More than a thousand people went missing in Northamptonshire last year

Missing People charity want more to be done to protect vulnerable people

1,150 people went missing in Northamptonshire last year
1,150 people went missing in Northamptonshire last year

Northamptonshire Police dealt with almost 3,000 missing person incidents in 2018-19, figures from the National Crime Agency (NCA) show.

The incidents involved 1,510 people who went missing, meaning some went missing repeatedly.

Despite the high numbers, Northamptonshire Police had some of the lowest rates of missing incidents per 10,000 people across England, coming 32nd out of 42 police forces.

Joe Apps, head of the UK Missing Persons Unit at the NCA, said: "There are a vast array of reasons for people to go missing, and it can be prompted by almost anything in someone’s life.

"This ranges from a personal decision to escape family or financial worries, to being a victim of county lines gangs or child sexual abuse and exploitation."

Mr Apps said 80 per cent of missing people are found in less than 24 hours, with children more likely to return or be found by families or carers.

In Northamptonshire, 57.9 per cent of missing people incidents in 2018-19 involved children.

Mr Apps said: "In contrast, adults are less likely to return on their own and more are found by the police than by their community. Elderly people living with dementia who go missing present the highest risk.

"We continue to work with partners in law enforcement and the voluntary sector to identify risk, safeguard vulnerable people and support families and friends."

The charity Missing People are calling for a better multi-agency response to support those who go missing.

Jane Hunter, senior research and impact manager at Missing People, said: "Behind these figures are individual people, who may be experiencing mental health crisis, problems where they live, exploitation, domestic violence, or a range of other issues. And we must not forget those left behind, desperately searching for answers of their loved one’s whereabouts.

"And while figures show that most people will thankfully return within a week, going missing should be seen as a warning sign, that something is seriously wrong and that support must be available upon their return."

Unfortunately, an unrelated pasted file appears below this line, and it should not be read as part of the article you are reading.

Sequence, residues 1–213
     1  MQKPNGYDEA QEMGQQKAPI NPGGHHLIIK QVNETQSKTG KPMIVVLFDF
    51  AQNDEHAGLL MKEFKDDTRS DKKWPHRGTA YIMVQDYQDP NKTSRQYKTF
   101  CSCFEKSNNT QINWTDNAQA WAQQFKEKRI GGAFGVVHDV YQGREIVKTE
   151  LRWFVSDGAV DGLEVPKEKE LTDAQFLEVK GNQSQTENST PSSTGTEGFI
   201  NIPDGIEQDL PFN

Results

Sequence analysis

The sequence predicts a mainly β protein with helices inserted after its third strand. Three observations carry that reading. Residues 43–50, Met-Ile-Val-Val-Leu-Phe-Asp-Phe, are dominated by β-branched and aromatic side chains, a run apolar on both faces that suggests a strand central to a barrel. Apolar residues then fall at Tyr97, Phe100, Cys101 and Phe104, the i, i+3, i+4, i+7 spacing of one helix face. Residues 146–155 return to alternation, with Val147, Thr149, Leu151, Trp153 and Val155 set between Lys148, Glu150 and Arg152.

The Home Office is overseeing the development of a National Register of Missing Persons (NRMP), which Ms Hunter said will hopefully improve consistency in recording repeat episodes and inform safeguarding.

She added: "We would like to see more proactive multi-agency working to support people who might be at risk of going missing, particularly for those who have been missing before.

"Organisations working with individuals should work to understand why that person went missing and any steps that can be taken to support them with what's happening in their life.

"We also know that many of those who go missing will be experiencing mental health issues, and that it can be challenging to access mental health support due to high thresholds and long waiting lists."

Missing People charity is available to offer support to those thinking about going missing.

A Home Office spokesman said: "We are working with policing colleagues to deliver a National Register of Missing Persons as part of the new Law Enforcement Data Service. The register will significantly improve our understanding of the scale and nature of missing incidents across the UK.

"It is vital that the police have access to fast and accurate data and intelligence that can be shared between forces."

The NRMP will allow all forces in the UK to record missing and associated found incidents and access data about missing people from other force areas, it should be finished in 2023.

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